Mauritius

Country Summary

Macroeconomic performance and outlook

Real GDP growth was moderate yet steady, averaging 3.8% during 2015–19. Growth was mainly driven by financial services, retail and wholesale trade, and infor- mation and communications technology. GDP per capita trended upward, reaching an estimated $10,200 in 2019 —the third highest in Africa after Equatorial Guinea and Seychelles. The economy is largely service-based (76% of GDP in 2019), followed by industry (21%) and agricul- ture (3%). Aggregate demand has been underpinned by strong growth in household consumption, while invest- ment stood at 19% of GDP in 2019.

The accommodative monetary policy of the Bank of Mauritius has been widely considered appropriate in view of recent low inflation. Fiscal policy was expan- sionary over 2015–19: government spending is dominated by recurrent spending, but the public wage bill is increasing, and a more generous universal pension scheme has been introduced. Spending has been offset by a rise in revenues, driven by strong tax collec- tion. The budget deficit, 3.2% of GDP in 2019, is funded predominantly from domestic debt issues and ongoing disbursement of a $500 million grant from India in 2016. Fiscal consolidation is required through increasing domestic resource mobilization and the sale of govern- ment assets.

The current account deficit, estimated at 6.3% of GDP in 2019, is projected to narrow to 5.6% of GDP in 2020 and 5.2% in 2021, due largely to improved export and tourism earnings. The current account deficit will continue to be covered by investment income from off- shore companies and foreign direct investment.

Youth unemployment is 22.5%, and national unem- ployment is 6.9%. The rapid shift from labor-intensive sectors to emerging high value-added sectors requires higher skills. Inequality has recently been on the rise.

Tailwinds and headwinds

Key sectoral drivers of growth are expected to continue performing well. Real GDP growth is projected to be 

3.9% in 2020 and 4.0% in 2021, due to increased tour- ism, steady investment growth, and external demand from regional and global growth. Tourist arrivals are projected to exceed 1.2 million a year, with more coming from nontraditional markets in Asia and Africa. The economy is expected to diversify further into higher value-added sectors such as agroprocessing, medical tourism, higher education services, and development of the ocean economy. Ocean economy activities such as leisure, energy, aquaculture, and port logistics could add 1.5–2 percentage points to GDP.

The effort to increase efficiency and productivity in public services could include digitizing the economy, as in fintech and artificial intelligence. A favorable business environment and business-friendly regulations such as the revised Business Facilitation Act are expected to boost foreign direct investment inflows, and improved global economic demand should increase the export of goods and services. Government efforts to reorient Mauritius as a gateway between Asia and Africa for trade and investment and to further diversify export markets will consolidate the country’s position as a logistics and services hub for Africa and boost the wider economy.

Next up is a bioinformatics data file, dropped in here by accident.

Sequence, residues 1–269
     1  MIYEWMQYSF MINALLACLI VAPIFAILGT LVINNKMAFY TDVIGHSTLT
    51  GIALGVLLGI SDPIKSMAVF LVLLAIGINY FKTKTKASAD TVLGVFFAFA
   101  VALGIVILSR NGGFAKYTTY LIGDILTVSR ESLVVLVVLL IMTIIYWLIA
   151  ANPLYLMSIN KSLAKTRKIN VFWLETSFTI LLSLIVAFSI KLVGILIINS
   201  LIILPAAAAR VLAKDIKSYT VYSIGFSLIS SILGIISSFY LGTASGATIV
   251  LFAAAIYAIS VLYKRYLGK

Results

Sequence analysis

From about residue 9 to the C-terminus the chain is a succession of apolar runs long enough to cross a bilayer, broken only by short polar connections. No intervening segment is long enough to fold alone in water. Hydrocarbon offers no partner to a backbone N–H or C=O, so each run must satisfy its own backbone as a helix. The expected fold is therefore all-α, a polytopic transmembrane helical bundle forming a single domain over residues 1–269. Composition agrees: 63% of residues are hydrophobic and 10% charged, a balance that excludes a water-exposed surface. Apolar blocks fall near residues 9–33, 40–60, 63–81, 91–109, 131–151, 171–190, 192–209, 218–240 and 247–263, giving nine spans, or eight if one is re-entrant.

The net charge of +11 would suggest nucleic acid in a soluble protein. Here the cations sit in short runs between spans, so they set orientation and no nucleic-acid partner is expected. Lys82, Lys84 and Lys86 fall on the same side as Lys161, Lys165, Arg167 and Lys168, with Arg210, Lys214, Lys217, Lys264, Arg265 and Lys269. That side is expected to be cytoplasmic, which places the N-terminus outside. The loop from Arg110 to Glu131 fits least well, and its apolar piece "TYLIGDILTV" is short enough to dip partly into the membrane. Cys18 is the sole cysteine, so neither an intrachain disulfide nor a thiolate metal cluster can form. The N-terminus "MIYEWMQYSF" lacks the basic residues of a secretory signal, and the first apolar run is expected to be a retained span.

Global energy and food price increases are expected to diminish the island economy’s current account balance and add to inflation, projected at 3.5% in 2020 and 2021. Public debt remains high at 63% of GDP, and a statutory target of 60% of GDP by 2021 will limit the fiscal space for investing in infrastructure and human capital. Although the financial sector is among the most robust and best regulated in Africa, it caters mostly to large corporations. Small and medium enter- prises continue to find access to finance a challenge. Other risks to growth potential include skill constraints, environmental degradation, a rapidly aging population, and widening income inequality. Efforts to speed much- needed public investments and improve public service delivery could falter due to institutional and regulatory constraints. Private investment in strategic infrastruc- ture subsectors such as water, transport, and energy is expected to remain low given the lack of significant regulatory reforms.

Source: African Economic Outlook 2020

Fixed Income

Summary

During the past four years, the profile of Government debt has improved significantly in terms of both the cost of borrowings and the refinancing and interest rate risks. Cost of borrowings: (i) Ratio of interest payments to recurrent revenue reduced from 12.3% in FY 2014 to 10.9% in FY 2017/18. (ii) Ratio of interest payments to GDP brought down from 2.5% to about 2.3% Refinancing risks: (i) Average time to maturity of Government debt increased from 4.7 years at end-December 2014 to 4.9 years at end-June 2018 (ii) Average time to re-fixing Government debt improved from 3.2 years to 4 years